Famed anti-gang officer throws one last party[LOS ANGELES, CA]
LOS ANGELES) -- Retired LAPD Det. Donald Benton, a pioneer of anti-gang police work and a mentor to a generation of black officers, threw one last party Saturday to enjoy the company of the men and women with whom he served the city.
Benton is a man who is called a legend by his colleagues. He's a man of strength, they say, the kind of leader who would make patrol officers stand straight and talk straight and who demanded nothing short of excellence.
"Don was a legend for black officers in the department," said Nate Pannell, a retired assistant watch commander. "But just because your skin was the same tone as his didn't mean he'd let you slack off. He insisted that you do your job."
Even in retirement, Benton refused to soften. "You had to stand up straight and act straight when you came to see Det. Benton," he said with pride.
His strength of will was matched by his lean and muscular physique. One track and field record he set in the National Police Olympics in 1970 still stands.
During the backyard barbecue at his Mid-City home, Benton--who retired in 1988 after 25 years--was back in his element, perhaps for the last time.
A month ago doctors told him he has cancer in his spine. This after lung cancer went into remission a year ago and a brain tumor was removed in June.
"There's really nothing they can do," said his wife, Nancy.
At his party, dozens of officers, retired and current, came to say goodbye and talk about the good old days with Benton--a time when cops were called "L.A.'s finest" and headlines reported more on city crime than department scandal.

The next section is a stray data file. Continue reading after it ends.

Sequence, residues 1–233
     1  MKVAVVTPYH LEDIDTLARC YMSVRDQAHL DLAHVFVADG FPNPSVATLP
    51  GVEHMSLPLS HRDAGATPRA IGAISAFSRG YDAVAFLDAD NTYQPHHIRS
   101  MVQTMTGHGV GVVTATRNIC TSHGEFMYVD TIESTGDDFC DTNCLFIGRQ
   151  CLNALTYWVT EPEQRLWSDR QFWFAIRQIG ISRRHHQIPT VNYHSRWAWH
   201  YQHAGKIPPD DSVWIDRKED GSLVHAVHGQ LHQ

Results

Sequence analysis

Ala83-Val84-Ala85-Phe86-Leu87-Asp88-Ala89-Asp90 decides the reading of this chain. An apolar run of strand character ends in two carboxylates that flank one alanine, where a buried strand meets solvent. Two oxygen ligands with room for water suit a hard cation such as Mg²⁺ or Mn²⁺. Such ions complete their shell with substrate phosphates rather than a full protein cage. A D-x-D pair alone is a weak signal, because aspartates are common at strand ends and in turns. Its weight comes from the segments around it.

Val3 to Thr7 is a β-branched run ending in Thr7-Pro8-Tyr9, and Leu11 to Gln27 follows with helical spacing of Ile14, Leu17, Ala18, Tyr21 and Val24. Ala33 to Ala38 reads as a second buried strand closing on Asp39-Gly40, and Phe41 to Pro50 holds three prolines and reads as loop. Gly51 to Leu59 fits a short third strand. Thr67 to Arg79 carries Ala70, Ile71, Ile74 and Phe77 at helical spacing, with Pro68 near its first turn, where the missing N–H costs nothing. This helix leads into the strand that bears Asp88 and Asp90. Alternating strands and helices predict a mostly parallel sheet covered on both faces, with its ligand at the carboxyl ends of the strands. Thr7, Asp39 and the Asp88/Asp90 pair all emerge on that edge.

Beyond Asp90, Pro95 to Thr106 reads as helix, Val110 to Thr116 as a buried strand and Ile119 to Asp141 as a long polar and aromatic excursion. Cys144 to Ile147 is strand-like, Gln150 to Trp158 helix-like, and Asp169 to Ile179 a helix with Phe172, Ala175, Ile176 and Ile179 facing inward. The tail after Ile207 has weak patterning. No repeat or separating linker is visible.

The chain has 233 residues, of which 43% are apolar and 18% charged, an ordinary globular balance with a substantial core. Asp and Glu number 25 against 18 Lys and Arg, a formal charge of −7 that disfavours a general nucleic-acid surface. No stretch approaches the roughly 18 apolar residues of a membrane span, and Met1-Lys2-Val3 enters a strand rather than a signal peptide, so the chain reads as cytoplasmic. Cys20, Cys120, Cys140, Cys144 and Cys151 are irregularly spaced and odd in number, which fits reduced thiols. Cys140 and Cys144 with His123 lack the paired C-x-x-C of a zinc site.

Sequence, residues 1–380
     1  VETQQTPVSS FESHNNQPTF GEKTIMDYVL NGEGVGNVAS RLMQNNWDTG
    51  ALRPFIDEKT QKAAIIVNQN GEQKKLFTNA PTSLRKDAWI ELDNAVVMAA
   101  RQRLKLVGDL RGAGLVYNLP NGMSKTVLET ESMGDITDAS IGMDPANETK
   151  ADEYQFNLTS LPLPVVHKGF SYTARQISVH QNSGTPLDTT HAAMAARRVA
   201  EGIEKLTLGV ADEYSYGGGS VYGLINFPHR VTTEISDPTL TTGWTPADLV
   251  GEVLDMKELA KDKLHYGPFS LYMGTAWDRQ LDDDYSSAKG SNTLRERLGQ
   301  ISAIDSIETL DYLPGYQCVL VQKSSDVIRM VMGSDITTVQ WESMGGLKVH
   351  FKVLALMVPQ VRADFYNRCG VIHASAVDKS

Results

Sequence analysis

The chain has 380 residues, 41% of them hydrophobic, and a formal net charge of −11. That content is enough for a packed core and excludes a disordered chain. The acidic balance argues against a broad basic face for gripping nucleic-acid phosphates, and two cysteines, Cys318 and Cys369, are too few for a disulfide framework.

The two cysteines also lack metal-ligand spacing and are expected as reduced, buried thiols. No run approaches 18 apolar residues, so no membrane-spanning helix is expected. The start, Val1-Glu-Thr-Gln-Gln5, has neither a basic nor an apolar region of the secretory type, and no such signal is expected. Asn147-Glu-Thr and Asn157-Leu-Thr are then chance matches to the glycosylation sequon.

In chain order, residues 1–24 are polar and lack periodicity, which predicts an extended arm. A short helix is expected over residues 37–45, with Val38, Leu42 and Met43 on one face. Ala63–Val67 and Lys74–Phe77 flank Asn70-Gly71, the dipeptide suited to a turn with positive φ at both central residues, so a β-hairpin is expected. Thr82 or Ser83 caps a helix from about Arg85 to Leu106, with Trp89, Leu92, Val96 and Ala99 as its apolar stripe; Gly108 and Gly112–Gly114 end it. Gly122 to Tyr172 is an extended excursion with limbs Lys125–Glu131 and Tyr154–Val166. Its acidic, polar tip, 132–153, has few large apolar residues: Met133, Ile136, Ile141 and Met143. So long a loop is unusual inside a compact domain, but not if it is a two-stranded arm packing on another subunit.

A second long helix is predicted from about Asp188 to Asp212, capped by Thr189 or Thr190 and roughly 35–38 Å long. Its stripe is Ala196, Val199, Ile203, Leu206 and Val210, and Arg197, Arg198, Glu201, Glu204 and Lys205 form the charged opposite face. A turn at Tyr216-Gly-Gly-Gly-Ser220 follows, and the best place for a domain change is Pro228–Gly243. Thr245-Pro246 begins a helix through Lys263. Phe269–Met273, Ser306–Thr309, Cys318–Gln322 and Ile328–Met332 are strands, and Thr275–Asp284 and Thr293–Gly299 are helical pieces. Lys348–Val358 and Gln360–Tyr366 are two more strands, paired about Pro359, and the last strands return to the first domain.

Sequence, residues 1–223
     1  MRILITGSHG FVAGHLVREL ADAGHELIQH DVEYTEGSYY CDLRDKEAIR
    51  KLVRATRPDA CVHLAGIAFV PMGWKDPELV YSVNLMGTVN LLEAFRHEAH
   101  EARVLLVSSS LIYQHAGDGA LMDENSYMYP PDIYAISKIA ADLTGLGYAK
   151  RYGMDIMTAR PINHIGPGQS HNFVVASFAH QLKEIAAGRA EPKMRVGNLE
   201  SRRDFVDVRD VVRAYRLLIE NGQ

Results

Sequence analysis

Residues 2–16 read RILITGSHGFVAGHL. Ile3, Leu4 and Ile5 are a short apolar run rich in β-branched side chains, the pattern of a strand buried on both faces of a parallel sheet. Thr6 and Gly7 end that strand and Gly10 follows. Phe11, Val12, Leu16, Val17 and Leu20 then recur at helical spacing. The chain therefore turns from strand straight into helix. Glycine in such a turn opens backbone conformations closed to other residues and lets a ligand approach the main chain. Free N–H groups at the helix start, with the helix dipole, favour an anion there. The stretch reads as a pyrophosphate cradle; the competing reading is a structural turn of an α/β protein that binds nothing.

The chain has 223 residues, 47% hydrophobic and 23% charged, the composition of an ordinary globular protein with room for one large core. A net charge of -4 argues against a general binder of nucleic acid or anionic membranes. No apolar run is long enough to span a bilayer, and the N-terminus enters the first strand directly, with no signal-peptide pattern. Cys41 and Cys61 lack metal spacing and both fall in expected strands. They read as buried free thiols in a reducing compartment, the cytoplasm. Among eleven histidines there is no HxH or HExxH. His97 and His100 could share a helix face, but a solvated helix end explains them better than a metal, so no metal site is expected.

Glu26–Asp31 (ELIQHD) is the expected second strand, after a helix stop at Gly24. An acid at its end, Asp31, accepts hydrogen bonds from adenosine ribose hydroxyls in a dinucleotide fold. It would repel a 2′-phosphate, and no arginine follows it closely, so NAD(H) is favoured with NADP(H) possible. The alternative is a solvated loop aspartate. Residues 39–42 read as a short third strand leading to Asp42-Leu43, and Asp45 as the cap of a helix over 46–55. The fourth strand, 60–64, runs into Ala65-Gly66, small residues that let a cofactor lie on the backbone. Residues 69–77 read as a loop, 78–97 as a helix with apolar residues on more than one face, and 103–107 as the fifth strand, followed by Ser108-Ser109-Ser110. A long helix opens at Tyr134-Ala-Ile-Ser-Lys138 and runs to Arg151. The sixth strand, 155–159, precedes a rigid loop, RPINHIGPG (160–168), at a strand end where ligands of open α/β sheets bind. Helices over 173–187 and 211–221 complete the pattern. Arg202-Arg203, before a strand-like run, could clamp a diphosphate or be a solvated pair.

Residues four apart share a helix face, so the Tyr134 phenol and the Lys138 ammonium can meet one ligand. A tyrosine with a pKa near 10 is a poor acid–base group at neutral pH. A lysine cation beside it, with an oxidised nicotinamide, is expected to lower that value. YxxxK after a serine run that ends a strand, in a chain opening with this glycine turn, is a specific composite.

During the late 1960s and early '70s, a time when racial integration was new and generally resisted by the Los Angeles Police Department, Benton was a role model and mentor to black officers. "I just tried to nudge the young guys along and be someone they could talk to," said Benton.
"You'd be surprised some of the things they needed to talk about."
Lt. Edmund Wilson said Benton's "adamant dedication to doing the right thing" led to his 1980 appointment as the first commander of the South Bureau's anti-gang CRASH unit.
Wilson, who served under Benton, now heads the South Bureau's Special Enforcement Unit, today's equivalent of CRASH.
Benton's philosophy of policing could come right from the pages of the Christopher Commission report on police reforms.
"Police officers have a responsibility to support the community," Benton said. "They are not separate camps."
Police Former Colleagues Shower Praise, Affection On Ailing LAPD Pioneer; Police: Retired Det. Donald Benton Is Known For Groundbreaking Anti-Gang Work And Mentoring Young Black Officers. Oscar Johnson, Times Staff Writer December 3, 2000, Sunday, Home Edition Copyright 2000 / Los Angeles Times Los Angeles Times December 3, 2000, Sunday, Home Edition Terms and Conditions Copyright(c) 2000 LEXIS-NEXIS, a division of Reed Elsevier Inc. All rights Reserved.
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